Smaller on the ground than its Escape sibling, the Bronco Sport Badlands edition, features a unique AWD system with the ability to shuffle torque left & right to the rear wheels. Our run to Drumheller’s actual Badlands found the 8.7 inches (22 cm) of ground clearance (an 0.8-inch increase over a standard Bronco Sport) to be adequate in summiting select hills and dried out creek beds.

Drumheller Badlands provided a most perfect Jurassic environment

Thanks to a built in front facing camera, we were able to watch for jutting jurassic boulders and pick our path carefully in real time. Our blue-grey Badland ride also afforded us better approach / departure angles. Approach and deaprture angles are critical in offroading as they determine the angle between the bumper (front or back) and the initial contact point of the wheels. Essentially these angles govern the types of obstacles one can drive over without hitting the bumper when ascending or descending. I had no trouble with bumper bashing behaviours on our offroad sortie but I also wasn’t running Hell’s Gate in Moab.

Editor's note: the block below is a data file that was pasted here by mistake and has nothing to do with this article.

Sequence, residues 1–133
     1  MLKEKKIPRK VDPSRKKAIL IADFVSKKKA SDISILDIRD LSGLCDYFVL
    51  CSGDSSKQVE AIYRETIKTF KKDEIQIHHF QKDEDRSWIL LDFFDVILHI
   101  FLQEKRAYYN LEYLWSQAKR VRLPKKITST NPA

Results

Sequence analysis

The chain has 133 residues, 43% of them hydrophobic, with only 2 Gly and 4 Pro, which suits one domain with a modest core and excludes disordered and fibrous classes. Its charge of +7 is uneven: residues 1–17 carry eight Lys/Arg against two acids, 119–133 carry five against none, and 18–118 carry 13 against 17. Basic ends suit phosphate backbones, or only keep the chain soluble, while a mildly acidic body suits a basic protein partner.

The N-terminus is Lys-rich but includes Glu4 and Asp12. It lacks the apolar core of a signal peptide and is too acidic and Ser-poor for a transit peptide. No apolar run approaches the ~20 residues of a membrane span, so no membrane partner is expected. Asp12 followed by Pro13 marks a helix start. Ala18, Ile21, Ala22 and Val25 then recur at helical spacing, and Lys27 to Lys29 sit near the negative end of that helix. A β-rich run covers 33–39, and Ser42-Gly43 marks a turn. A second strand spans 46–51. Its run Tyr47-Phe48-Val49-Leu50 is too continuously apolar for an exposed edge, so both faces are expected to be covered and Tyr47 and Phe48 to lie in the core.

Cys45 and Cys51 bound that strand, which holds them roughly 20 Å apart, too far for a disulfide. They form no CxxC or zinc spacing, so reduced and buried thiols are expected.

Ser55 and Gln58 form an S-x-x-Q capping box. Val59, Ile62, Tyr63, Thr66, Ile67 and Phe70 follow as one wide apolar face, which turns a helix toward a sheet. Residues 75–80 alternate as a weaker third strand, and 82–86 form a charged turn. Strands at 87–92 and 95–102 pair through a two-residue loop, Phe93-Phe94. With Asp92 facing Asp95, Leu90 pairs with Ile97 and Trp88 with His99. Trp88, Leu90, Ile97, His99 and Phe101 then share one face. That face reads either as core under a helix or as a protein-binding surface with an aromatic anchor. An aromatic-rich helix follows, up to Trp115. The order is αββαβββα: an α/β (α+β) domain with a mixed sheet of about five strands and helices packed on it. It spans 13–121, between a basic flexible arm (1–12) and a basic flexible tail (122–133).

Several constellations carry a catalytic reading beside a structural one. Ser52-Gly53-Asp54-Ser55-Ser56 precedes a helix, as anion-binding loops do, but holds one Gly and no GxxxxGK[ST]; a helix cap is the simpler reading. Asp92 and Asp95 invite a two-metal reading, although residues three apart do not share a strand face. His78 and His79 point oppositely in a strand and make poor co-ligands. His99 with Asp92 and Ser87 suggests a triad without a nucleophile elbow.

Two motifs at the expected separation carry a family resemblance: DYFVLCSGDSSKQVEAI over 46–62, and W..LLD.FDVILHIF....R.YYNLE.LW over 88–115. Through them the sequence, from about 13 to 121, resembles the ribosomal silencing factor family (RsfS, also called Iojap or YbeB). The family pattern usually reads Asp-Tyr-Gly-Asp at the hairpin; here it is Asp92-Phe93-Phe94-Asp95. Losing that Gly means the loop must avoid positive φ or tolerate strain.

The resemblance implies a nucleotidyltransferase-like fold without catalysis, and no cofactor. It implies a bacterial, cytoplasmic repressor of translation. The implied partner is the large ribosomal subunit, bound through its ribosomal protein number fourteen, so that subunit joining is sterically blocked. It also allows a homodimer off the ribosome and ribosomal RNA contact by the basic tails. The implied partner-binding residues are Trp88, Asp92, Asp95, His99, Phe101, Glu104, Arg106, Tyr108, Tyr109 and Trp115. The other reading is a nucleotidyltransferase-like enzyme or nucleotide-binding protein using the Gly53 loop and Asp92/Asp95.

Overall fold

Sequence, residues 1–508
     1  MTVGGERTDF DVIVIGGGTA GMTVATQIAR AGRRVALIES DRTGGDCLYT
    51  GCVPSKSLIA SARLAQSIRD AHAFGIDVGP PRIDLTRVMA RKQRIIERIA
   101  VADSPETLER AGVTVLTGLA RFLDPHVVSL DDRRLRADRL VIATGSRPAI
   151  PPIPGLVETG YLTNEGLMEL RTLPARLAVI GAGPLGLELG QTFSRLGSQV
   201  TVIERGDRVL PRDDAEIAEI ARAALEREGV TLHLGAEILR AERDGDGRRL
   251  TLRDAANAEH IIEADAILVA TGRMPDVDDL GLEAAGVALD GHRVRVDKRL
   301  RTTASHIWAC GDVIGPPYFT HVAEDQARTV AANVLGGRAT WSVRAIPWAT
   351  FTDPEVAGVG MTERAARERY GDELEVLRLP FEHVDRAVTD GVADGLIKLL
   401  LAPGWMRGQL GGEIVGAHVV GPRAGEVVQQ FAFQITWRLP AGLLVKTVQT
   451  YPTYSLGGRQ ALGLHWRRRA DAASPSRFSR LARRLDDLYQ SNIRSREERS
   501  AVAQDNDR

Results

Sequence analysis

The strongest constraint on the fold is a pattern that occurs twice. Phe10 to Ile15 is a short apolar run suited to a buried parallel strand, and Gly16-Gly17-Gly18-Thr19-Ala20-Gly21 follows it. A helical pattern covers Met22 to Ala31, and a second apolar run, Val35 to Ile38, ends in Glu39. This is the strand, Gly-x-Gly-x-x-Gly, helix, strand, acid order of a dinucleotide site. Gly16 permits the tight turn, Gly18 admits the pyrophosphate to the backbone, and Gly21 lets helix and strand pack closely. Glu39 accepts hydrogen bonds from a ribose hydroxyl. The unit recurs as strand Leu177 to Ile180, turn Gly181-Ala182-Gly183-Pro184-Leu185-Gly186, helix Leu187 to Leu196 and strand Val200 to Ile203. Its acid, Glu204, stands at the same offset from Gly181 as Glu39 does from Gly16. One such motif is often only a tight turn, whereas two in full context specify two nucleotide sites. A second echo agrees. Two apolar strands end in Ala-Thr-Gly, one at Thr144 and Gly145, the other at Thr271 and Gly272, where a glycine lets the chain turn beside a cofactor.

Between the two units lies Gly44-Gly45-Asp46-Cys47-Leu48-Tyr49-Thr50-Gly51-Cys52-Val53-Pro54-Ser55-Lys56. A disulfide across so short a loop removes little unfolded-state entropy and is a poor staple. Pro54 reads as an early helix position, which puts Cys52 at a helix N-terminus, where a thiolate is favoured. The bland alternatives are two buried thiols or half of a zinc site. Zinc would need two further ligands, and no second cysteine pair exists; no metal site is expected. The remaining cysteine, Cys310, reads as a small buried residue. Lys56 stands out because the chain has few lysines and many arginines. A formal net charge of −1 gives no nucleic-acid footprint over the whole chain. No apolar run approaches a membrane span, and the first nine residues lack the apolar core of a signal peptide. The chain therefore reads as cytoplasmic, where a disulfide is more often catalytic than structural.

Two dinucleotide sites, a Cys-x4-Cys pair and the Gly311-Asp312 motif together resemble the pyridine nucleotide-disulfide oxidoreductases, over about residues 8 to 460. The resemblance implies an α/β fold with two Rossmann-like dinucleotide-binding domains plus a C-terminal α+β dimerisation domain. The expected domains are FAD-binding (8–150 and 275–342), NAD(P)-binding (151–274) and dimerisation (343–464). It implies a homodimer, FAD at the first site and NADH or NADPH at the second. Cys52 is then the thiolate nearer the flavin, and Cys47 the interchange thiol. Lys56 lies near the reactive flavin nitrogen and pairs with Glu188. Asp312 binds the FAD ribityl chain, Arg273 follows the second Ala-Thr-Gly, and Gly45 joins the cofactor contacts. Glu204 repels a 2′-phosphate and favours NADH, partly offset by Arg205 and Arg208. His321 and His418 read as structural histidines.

Cactus Grey…fantastic

We also never had to fjord rivers or swollen prairie creeks, even though our tester had better water-fording capability than the stock version. And unlike big Bronco with a live rear axle, the Bronco Sport runs an independent arrangement. Under the hood our tester ran a sporty, capable 2.0L turbo-4 banger.

Most impressive approach and departure angle-abilities